The Ruins opened in American cinemas on 4 April 2008 opposite the family film Nim’s Island and the George Clooney comedy Leatherheads. Despite launching in more than 2,800 theatres, the film only managed to reach 5th place at the US box office with an opening weekend gross of $8 million dollars. First week grosses scarcely topped $10 million. In the second week, with fresh competition from horror movie Prom Night and police drama Street Kings, The Ruins slipped to 8th place, grossing an additional $4.5 million in the process.
By its third week The Ruins was out of the Top 10. By the end of its domestic run it had grossed only $17.4 million dollars. It took an additional $5.3 million internationally, resulting in a worldwide theatrical gross of $22.7 million. Which much of that money eaten up by exhibitor fees and marketing expenses, The Ruins exited cinemas with a significant monetary loss for DreamWorks Pictures. While it would ultimately recoup its costs through home video and TV broadcast licensing, it was not by any financial measure a success.
In Australia, the country in which it had been produced, The Ruins did not even make it into cinemas. A planned 17 April release was pushed back to 31 July, then 7 August. It was ultimately released to home video in December 2008.
Reviewing the film
The commercial failure of The Ruins led to the film being ultimately disregarded by film critics and many horror movie enthusiasts. At the time of its release, the film was also unfairly bundled up with a series of graphic horror movies including Saw, Hostel and Turistas – films that formed a sub-genre dubbed ‘torture porn’ by film critic David Edelstein. While the description of such film as ‘torture porn’ is in itself fairly odious and inaccurate, in the case of The Ruins it seems particularly inappropriate. The Ruins is a masterpiece of what is often described as ‘body horror’, horror where the audience’s tension and fear is generated by the graphic, unsettling destruction or alteration of the human body.
‘At the heart of what’s unsettling about this movie,’ said Carter Smith, ‘is this idea of bodily infection. Something that gets into your skin and thrives under the surface. I’ve been to places like Belize where you hear about the Botfly, which lays its eggs beneath your skin. Thank god I’ve never had to deal with it. We looked at so many documentaries and YouTube clips of under-the-skin parasites and they are disgusting!’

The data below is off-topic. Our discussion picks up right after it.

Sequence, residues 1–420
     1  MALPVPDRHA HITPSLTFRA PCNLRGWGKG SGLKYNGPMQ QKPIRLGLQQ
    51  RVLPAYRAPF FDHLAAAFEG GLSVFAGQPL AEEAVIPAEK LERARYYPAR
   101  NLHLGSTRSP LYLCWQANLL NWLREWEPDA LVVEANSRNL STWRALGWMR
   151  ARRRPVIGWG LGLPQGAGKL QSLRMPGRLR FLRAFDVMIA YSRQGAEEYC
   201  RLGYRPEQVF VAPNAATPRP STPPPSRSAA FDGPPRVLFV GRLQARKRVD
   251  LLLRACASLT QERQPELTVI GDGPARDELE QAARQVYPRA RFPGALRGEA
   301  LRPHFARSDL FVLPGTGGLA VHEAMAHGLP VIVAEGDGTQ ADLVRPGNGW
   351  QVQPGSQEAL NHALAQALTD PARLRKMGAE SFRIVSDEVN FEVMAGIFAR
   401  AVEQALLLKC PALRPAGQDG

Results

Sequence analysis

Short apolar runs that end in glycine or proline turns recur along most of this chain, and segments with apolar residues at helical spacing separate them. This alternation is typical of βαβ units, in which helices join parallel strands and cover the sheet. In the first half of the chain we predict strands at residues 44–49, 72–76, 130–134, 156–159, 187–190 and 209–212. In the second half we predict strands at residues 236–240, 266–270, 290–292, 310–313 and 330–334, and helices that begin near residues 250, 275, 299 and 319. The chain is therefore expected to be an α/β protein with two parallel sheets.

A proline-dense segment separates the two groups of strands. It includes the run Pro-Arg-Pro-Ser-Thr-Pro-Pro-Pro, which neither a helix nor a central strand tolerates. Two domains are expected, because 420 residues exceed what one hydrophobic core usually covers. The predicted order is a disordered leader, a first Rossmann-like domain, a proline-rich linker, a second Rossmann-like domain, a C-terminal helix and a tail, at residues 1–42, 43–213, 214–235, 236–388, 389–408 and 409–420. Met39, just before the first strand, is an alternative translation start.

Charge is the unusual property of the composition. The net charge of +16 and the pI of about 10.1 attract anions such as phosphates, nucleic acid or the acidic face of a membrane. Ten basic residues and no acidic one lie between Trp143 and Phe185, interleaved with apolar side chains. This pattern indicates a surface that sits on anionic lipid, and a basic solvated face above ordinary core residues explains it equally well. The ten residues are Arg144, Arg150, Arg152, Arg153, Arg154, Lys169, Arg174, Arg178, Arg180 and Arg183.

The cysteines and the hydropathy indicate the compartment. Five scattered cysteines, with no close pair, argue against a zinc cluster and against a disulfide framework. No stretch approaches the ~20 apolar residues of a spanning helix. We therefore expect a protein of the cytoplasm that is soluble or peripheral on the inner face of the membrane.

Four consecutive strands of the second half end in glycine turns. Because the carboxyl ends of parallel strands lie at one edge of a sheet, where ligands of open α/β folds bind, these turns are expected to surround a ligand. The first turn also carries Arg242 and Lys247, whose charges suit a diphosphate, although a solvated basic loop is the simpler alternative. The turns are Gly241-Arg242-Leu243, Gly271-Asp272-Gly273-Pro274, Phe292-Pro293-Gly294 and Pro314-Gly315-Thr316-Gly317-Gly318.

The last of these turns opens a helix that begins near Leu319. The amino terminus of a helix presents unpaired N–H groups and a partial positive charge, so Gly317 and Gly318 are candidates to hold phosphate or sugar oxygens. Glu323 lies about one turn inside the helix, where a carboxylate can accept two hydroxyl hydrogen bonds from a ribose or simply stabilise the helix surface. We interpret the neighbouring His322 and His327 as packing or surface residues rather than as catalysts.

The film begins with a deliberate banality: four American tourists in their early twenties, lounging around a resort’s swimming pool in Cancun and who actually introduce themselves as two best friends and their boyfriends. Through a 15 minute sequence of scenes were see them lazily chatting by the pool, getting drunk on the beach and intimating sexual activity.
The first sense of horror we witness – aside from an arguably unnecessary prologue – is at the 20 minute mark, when the hapless protagonists first come across the titular ruins. They are surrounded by villagers, none of whom speak English, and are forced up onto the pyramid. Dmitri, the sole Greek backpacker to accompany the group on the trip, tries to approach the village leader and gets shot dead by an arrow and a bullet in return. It’s a sudden and frightening shift in tone, and marks an unexpectedly blunt and realistic kind of horror. Everything leading up to Dmitri’s death – dull young American protagonists, a creepy ancient ruin – suggests a horror film that will be supernatural, outlandish and more than a little tacky. Instead the horror is realistic, confrontational and sudden.
The next 20 minutes of the film continues in this vein. They can’t leave the top of the ruin. An attempt to look for Matthias’ brother inside the temple results in Matthias falling and breaking his spine. Further efforts to rescue him from the bottom of a pit only result in hurting him further. Somewhere in the bowels of the temple rings an abandoned cellular telephone, but it’s too dark for Amy or Stacy to find it.
I suspect many viewers will find the four central characters – Amy, Stacy, Jeff and Eric – relatively irritating. They are not particularly sensible. They are not particularly smart. When they rashly attempt to fix a bad situation, such as lifting Matthias’ broken body onto a makeshift stretcher – they invariably manage to make things worse. A lot of viewers tend to favour protagonists who are a little smarter and a little braver than one might be in real life. Take, for example, the runaway success of writers such as Joss Whedon, whose characters uniformly express wit and snarky repartee with the ease of some urbane college graduate. The characters of The Ruins are real. They’re dumb, ignorant and arrogant. They’re prone to panic. They regularly say stupid things. At least one of them undergoes a psychological breakdown over the three days they spend trapped on top of the temple.
Now there is always a place for the smart, sophistication, witty protagonist, but in a film with such blunt, real-life horrors a group of blunt, real-life characters somehow seems much more appropriate.